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autoimmunefamily

Autoimmune Hepatitis And Celiac Disease

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My 16 yr old daughter is being evaluated for possible autoimmune hepatitis. Her symptoms are fatigue, joint pain, muscle weakness (waterpolo player-cannot exercise to the intensity of 6 months ago), and elevated LFTs and ANA with specked ANA pattern. She had a liver biopsy 2 days ago, pending results. The family has a history of autoimmune disease - mom with Sjogrens, brother with ulcerative colitis. Wondering if there could be a possible connection to gluten intolerance, and what is the easiest method to test for this?

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It can be related to celiac disease according to one study at least. I googled "celiac autoimmune hepatitis" and found this:

Prevalence of celiac in Autoimmune hepatitis.

Celiac disease (celiac disease) may be found in association with other autoimmune diseases.

...

High prevalence of celiac disease in autoimmune hepatitis detected by anti-tissue tranglutaminase autoantibodies.

Villalta D, Girolami D, Bidoli E, Bizzaro N, Tampoia M, Liguori M, Pradella M, Tonutti E, Tozzoli R.

Immunologia Clinica e Virologia, A.O. S. Maria degli Angeli, Pordenone, Italy.

Celiac disease (celiac disease) may be found in association with other autoimmune diseases.

...

....

The crude prevalence rate of celiac disease in AIH was 63.8 per 1,000 (95% CI, 13.2-186.1), and it was significantly higher than that found in the general population in Italy (4.9 per 1,000; 95% CI, 2.8-7.8). The results of this study showed a high prevalence of celiac disease in patients with AIH. For this reason, early serological screening testing for celiac disease is strongly recommended for all AIH patients. Copyright 2005 Wiley-Liss, Inc.

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They can most definitly be connected because I have both. I was diagnosed celiac in January and diagnosed with Autoimmune Hepatitis in September, both this year. Autoimmune Hepatitis is very rare though. I pray that you get a diagnosis and can start treatment soon. If you don't mind me asking, what are the highest her enzymes have gone? Mine got up into the 400 ranges before they finally got a diagnosis. Also I would be more than happy to speak with her about the disease and what she can expect. AIH can be treated and put into remission with maintenance drugs. Please do keep me informed of her status.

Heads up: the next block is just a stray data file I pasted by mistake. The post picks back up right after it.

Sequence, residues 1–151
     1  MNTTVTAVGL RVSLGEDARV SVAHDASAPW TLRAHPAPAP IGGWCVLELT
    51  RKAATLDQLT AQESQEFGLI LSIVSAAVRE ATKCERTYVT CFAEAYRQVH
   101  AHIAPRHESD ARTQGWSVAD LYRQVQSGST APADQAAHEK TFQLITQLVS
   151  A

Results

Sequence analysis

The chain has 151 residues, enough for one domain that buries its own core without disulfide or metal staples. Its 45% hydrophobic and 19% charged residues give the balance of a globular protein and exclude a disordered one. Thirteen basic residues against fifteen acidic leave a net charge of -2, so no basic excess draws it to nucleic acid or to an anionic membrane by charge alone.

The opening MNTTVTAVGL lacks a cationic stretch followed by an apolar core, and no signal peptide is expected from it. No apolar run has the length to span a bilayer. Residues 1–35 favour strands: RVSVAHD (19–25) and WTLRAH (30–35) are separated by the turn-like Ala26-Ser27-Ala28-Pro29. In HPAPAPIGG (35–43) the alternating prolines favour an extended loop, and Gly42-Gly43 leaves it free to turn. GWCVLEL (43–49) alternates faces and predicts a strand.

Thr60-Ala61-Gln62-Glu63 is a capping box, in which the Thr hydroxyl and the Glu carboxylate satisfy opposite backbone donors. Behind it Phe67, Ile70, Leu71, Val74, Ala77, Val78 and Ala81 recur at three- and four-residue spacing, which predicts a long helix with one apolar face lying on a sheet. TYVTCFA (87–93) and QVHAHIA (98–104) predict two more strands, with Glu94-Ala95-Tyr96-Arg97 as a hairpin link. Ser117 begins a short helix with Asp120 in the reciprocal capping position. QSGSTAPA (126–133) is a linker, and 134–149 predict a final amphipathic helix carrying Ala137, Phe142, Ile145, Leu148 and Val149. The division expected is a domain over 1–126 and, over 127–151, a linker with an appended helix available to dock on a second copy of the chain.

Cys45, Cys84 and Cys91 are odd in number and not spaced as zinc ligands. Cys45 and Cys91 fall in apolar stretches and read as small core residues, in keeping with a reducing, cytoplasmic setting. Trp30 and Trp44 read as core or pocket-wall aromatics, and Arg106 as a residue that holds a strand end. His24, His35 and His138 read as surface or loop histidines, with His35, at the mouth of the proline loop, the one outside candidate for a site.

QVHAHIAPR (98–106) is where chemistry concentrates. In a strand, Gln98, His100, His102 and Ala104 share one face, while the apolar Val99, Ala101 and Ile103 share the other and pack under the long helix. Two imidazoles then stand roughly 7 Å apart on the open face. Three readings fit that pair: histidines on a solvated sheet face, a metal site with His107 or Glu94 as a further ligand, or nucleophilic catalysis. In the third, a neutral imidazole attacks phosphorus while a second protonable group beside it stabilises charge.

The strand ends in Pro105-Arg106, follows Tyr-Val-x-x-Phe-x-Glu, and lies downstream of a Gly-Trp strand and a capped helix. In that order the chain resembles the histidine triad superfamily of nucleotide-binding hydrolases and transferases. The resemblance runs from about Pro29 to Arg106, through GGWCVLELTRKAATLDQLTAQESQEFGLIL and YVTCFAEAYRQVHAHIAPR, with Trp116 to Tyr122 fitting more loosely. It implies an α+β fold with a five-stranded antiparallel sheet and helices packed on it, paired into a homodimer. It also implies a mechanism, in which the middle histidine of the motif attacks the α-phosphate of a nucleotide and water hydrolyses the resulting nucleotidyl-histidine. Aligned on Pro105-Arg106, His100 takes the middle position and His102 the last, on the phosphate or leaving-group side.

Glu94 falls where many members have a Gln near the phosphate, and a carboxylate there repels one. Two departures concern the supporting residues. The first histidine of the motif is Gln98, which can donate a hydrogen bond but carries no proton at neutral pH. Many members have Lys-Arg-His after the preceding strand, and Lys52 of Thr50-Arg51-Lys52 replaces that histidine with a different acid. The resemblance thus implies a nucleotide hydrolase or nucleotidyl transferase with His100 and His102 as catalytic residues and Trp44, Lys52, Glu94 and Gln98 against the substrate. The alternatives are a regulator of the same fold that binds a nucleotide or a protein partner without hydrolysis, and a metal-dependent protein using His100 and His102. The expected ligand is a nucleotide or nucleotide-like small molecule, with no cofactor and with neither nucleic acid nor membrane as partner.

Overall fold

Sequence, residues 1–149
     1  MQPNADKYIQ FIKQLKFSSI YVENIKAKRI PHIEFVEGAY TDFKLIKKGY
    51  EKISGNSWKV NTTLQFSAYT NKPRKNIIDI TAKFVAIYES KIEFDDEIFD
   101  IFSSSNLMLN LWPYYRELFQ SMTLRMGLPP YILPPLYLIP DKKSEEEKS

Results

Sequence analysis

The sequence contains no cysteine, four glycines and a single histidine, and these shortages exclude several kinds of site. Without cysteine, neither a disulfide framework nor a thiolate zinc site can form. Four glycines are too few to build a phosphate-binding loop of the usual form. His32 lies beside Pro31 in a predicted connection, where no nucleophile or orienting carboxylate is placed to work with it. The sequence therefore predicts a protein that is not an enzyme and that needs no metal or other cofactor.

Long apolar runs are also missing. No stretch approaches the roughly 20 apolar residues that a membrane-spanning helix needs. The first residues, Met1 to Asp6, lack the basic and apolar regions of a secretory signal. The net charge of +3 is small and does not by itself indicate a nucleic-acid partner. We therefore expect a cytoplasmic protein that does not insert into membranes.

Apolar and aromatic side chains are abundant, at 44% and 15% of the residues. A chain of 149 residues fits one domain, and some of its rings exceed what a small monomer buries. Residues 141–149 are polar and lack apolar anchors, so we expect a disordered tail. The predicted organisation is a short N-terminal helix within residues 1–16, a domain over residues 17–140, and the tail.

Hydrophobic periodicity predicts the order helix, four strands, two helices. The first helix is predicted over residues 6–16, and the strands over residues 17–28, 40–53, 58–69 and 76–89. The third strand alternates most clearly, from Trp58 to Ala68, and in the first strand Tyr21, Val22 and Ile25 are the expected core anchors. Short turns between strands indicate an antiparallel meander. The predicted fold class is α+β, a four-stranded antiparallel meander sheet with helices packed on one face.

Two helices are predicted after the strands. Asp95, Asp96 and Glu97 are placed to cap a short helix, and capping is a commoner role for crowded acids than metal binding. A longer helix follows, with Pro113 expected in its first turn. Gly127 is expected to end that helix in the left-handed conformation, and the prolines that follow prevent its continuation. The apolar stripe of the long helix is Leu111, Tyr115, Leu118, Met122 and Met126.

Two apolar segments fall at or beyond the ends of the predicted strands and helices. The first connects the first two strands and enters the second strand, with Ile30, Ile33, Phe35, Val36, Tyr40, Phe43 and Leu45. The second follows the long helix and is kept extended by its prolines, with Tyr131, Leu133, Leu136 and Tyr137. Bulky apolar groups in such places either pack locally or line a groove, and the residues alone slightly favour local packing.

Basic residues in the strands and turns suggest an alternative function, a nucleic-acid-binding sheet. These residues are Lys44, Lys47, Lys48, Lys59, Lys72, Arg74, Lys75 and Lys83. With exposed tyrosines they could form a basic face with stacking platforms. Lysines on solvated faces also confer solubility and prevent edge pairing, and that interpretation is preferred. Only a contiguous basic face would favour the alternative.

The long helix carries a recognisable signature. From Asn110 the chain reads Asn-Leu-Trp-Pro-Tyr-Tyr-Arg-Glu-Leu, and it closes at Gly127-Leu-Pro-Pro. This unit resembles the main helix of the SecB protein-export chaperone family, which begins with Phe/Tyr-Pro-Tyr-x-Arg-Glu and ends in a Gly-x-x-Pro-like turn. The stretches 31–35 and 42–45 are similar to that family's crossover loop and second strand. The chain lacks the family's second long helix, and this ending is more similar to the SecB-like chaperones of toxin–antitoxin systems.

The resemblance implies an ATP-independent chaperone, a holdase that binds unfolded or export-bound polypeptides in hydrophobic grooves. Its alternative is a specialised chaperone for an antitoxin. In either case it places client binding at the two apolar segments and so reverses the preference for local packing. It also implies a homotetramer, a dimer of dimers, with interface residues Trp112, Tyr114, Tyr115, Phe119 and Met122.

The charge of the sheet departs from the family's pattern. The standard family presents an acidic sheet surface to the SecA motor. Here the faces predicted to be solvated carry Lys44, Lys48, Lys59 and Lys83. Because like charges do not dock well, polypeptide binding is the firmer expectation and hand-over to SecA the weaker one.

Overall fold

Brooklyn

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The easiest test for celiac is a blood test. I would suggest getting the gene mapping or comprehensive panel done. That way if she comes back negative with no gene markers you don't have to test for it again. If negative with gene markers, then you know to do a routine test for celiac once every six months to a year.

Brooklyn

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The easiest test for celiac is a blood test. I would suggest getting the gene mapping or comprehensive panel done. That way if she comes back negative with no gene markers you don't have to test for it again. If negative with gene markers, then you know to do a routine test for celiac once every six months to a year.

Brooklyn

Unfortunately you can not go off of gene markers. I am very thankful that my genes were tested 5 years AFTER I was diagnosed. Otherwise I most likely would not be here to write this to you. I would have instead been diagnosed with RA and in a wheelchair still unable to use my hands and loaded up on meds or in a coffin. Some doctors in the US only look for two of the 9 genes associated with celiac. 7 more were 'discovered' recently and more doctors are starting to recognize this but not all. Gene testing is a tool in diagnosis but it is not definative.

There is an association between Autoimmune liver disease and celiac. If the doctors had diagnosed my twin and I with celiac when we were children my life would have been very different and my twin might still be here beside me.

Ask them to test your DD for celiac, start with the blood test and then if that is positive she will have a biopsy of the small intestine. However there are high rates of false negatives so after all Celiac testing is done that you choose to do have her do a strict trial of the diet for at least 3 months to see if it helps her issues. Sometimes the body can tell us what the tests cannot.

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Just to clarify, the comprehensive celiac disease panel test for all of the antibodies and does the gene mapping. I work for a GI doctor and this is the first test that he does on every suspected celiac. So its the best test to do first.

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Just to clarify, the comprehensive celiac disease panel test for all of the antibodies and does the gene mapping. I work for a GI doctor and this is the first test that he does on every suspected celiac. So its the best test to do first.

I agree. Sounds like you work for a good doctor. Testing does catch a large percentage of us but there are still some that slip through the cracks. Because my blood tests were always a false negative my doctors went off just that and never mentioned even what they were testing for so I could have a chance to try the diet. So many doctors rely on negative or only slightly positive tests as an absolute 'you don't have this' that I lost a lot of years. There is so much still to learn about this genetic difference.

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